Contractor charged in deaths of six in Philly building collapse rejects plea deal

     The collapse site as seen across 22nd Street. (Lindsay Lazarski/WHYY file photo)

    The collapse site as seen across 22nd Street. (Lindsay Lazarski/WHYY file photo)

    The demolition contractor charged with murder in connection with the 2013 Market Street building collapse that killed six people in Center City has rejected a plea deal.

    Contractor Griffin Campbell’s trial on six counts of third-degree murder and other charges will begin next week in Common Pleas Court.

    Campbell instructed his demolition team to take shortcuts to expedite the job, prosecutors said, an alleged order that resulted in the four-story building toppling on a nearby Salvation Army thrift store, crushing six people to death.

    Additionally, Campbell was hoping to salvage valuable pieces of the building, such as wooden floors and joists, to later sell for a profit, according to prosecutors. That technique, prosecutors say, contributed to the building’s tumbling.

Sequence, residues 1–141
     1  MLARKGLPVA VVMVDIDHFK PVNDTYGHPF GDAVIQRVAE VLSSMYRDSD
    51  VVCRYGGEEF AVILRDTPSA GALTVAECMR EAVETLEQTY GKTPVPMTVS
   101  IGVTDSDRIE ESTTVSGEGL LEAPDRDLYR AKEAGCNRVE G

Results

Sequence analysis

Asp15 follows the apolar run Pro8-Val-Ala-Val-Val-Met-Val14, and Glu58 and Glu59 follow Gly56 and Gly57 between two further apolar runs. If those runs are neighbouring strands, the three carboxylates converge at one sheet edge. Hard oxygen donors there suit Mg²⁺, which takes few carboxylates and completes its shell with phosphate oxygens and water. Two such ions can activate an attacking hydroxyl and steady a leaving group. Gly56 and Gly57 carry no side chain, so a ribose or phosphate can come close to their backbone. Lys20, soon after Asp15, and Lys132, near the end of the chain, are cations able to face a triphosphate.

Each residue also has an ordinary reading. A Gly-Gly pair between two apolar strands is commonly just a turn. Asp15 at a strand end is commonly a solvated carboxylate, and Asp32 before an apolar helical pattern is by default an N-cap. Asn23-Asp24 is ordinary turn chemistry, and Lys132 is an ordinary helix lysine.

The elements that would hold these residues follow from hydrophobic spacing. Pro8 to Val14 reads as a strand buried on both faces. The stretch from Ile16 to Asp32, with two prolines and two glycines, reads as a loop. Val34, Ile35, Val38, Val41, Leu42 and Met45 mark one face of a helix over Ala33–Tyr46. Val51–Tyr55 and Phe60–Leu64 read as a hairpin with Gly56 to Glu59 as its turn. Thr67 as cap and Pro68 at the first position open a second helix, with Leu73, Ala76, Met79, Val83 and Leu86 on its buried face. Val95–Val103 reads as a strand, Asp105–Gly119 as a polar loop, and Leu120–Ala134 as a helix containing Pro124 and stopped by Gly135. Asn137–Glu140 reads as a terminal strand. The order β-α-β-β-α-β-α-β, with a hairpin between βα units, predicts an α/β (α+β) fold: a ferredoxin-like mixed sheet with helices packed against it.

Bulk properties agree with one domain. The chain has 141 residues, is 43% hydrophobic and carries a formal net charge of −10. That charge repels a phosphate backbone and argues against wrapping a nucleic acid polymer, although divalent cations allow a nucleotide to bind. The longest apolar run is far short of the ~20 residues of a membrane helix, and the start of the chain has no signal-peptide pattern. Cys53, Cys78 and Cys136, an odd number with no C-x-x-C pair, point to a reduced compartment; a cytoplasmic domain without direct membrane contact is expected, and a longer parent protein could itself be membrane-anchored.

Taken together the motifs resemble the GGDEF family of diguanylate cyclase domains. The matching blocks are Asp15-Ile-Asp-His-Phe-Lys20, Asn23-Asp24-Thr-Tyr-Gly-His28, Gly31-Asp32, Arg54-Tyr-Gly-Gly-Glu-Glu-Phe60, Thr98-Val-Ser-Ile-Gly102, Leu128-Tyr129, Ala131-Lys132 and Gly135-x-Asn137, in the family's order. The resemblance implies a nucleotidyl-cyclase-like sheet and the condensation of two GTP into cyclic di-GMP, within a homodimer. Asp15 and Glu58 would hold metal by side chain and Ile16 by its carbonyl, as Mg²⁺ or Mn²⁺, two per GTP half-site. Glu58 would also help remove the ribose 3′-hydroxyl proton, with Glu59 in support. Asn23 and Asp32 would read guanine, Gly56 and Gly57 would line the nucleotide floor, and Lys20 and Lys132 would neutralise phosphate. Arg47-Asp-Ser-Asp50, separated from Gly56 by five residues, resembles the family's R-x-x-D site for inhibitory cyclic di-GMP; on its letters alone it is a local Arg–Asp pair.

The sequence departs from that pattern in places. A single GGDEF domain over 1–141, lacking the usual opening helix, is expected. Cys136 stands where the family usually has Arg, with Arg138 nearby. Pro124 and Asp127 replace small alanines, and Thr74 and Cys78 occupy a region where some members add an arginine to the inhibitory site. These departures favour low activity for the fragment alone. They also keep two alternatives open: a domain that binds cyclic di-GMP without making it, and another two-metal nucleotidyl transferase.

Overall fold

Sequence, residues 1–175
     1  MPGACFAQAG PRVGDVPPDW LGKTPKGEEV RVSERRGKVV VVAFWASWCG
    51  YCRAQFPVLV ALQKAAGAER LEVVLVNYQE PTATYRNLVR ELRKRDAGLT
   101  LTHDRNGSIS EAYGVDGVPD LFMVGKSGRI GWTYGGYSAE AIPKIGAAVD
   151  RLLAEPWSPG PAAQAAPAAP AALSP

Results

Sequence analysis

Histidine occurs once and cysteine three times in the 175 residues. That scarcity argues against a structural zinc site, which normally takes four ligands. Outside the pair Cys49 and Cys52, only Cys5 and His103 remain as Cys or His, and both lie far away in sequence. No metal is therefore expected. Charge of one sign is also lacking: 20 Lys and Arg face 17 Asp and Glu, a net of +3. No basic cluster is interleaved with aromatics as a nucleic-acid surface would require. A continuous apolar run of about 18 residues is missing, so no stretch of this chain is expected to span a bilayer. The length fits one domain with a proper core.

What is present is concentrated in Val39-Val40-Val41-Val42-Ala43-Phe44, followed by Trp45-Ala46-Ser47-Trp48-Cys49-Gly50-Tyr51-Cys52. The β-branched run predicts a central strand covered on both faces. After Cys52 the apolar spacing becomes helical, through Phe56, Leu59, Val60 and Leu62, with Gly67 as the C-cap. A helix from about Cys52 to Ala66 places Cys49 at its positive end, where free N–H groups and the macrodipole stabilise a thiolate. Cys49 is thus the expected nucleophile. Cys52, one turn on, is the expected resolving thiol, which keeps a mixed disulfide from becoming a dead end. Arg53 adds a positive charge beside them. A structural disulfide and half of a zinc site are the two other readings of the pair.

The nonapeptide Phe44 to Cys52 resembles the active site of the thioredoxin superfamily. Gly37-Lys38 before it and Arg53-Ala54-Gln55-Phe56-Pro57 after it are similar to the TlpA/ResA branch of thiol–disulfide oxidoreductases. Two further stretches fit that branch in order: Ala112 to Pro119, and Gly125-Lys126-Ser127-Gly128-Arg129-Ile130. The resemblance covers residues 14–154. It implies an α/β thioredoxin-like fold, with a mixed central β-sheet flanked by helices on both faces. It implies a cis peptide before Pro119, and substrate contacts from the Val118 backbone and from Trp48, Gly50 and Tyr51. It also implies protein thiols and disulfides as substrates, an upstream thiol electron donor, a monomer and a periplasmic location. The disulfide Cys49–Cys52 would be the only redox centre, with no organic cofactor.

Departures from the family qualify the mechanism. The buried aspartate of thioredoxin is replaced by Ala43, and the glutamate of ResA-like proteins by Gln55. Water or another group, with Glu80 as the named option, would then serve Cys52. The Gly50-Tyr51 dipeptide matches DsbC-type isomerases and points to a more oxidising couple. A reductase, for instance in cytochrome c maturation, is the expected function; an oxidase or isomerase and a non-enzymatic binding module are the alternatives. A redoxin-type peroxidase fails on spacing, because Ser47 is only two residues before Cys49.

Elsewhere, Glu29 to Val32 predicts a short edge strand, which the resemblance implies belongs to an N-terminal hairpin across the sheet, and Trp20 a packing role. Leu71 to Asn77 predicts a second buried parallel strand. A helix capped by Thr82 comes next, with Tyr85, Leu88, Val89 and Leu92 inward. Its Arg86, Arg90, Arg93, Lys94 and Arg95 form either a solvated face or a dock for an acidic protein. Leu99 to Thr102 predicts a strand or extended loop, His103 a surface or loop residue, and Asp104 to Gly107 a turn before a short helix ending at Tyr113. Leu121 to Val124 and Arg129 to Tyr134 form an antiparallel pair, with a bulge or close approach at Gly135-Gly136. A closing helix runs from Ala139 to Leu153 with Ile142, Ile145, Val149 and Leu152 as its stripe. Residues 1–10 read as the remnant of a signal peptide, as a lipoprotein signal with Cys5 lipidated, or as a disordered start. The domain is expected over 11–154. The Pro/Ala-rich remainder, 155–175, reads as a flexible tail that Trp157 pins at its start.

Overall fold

Campbell’s attorney, William Hobson, has described his client as a scapegoat. He’s expected to argue that the demolished building’s owner, who has been depicted as a negligent slumlord, is the one to blame for the collapse.

    “My mission in life is to present all the facts to a jury, which we’ll do after the pope leaves, and let the jury be the ultimate fact-finders, resolve whether my client is criminally culpable,” Hobson said.

    If convicted on all charges, Campbell could face life in prison.

    One of Campbell’s excavator operators, Sean Benschop, has taken a deal, pleading guilty to multiple counts of involuntary manslaughter. He could be in prison for 10 to 20 years. A judge is expected to sentence Benschop after his boss’s trial.

    According to Hobson, prosecutors offered his client the same plea deal as Benschop, but he decided to turn it down, instead pleading not guilty to all charges.

    The Philadelphia District Attorney’s Office declined to comment. 

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